Being a parent can be seriously exhausting, but believe it or not you can actually restore some that energy with a regular fitness routine. As your kids grow up, they might start to ask about joining in. This can fill you with pride but also make you wonder about how exactly you can help your child take part without putting them in danger. Here are some guidelines to keep in mind when thinking about whether to let your kids join your fitness program.

Right Mindset

Unlike adults, kids generally don’t need scheduled workouts to get exercise. They’re naturally full of energy and get their exercise primarily through active play. If you want to start exercising with your child, you need to make it feel like fun. Mix your routine up by doing things like introducing songs that help them remember moves. You can also help keep them motivated by tracking their progress with them and comparing how they’ve improved from where they started. Their relationship with exercise should also be positive. Exercise should not be something they force themselves to do when they’re not feeling up to it. While exercise can help someone feel better, it shouldn’t be made to feel like an obligation.

Positive Reinforcement

Exercise is fun, but it also tends to be very demanding. The culture of perfection can make it even more so. There’s the desire to know every movement perfectly and to be able to reach our highest goals without any sort of struggle. Kids don’t always have the awareness that progress takes time. If they start to denigrate themselves, show you care for them by telling them how well they’re doing. Let them know that they don’t have to prove themselves to anyone. When they do well or improve, you should congratulate them, but you should also show your support for them for trying. Negativity won’t have any kind of worthwhile effects. In fact, having a negative view of exercise could turn your child off of fitness efforts for some time to come.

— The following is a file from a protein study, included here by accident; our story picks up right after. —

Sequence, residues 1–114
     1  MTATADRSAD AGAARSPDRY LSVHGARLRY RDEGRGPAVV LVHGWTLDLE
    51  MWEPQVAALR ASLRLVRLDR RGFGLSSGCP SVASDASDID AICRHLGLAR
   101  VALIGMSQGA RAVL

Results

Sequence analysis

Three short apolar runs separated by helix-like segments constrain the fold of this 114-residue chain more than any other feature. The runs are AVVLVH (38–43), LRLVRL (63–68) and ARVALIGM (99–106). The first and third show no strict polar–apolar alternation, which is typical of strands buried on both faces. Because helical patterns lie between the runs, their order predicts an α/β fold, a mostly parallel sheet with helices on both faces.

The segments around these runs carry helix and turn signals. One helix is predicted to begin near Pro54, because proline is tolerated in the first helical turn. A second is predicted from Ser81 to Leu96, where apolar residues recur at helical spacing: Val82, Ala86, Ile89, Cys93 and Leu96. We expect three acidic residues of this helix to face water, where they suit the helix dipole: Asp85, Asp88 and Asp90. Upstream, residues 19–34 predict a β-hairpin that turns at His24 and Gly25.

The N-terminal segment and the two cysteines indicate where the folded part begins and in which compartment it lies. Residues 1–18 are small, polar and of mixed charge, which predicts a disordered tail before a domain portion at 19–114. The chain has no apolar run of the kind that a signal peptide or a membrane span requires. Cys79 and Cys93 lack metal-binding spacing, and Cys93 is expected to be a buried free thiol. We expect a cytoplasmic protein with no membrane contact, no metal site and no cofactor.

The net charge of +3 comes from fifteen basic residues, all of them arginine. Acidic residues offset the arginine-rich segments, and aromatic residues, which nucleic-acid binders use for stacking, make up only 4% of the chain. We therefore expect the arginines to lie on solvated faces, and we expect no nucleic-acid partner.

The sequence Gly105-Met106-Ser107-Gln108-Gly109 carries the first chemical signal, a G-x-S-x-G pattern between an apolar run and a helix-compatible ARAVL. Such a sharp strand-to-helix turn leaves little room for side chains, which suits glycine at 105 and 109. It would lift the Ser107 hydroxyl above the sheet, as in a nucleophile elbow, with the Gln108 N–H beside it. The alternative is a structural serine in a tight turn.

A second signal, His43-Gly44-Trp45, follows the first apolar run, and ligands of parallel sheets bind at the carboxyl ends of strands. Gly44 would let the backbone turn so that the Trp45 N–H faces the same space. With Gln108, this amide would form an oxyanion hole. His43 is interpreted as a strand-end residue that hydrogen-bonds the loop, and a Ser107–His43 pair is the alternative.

How to Be Careful

While exercise can strengthen your body, it can also cause harm if not done correctly. One of the biggest risks is going beyond your limits. Your kid might push themselves because they believe that they have to go as hard as possible or do as much as an adult in the room. However, this can lead to things like head injuries. Even without concussion symptoms, head injuries can be pretty serious. Kids will trust their parents and understand when it’s time to take a break. Whether or not your child wants to keep going and if they should keep going are two separate questions. Along with adhering to proper form and hydration, your child should know that their body must be listened to for it to be treated with the greatest possible respect.

You should help your child have a good relationship with physical fitness as early as you can. Taking part in exercise without you can help them to see all the positives that come from being active. That said, you still need to make sure you’re aware of their safety and offer guidance that prevents them from hurting themselves or losing their love of exercise.

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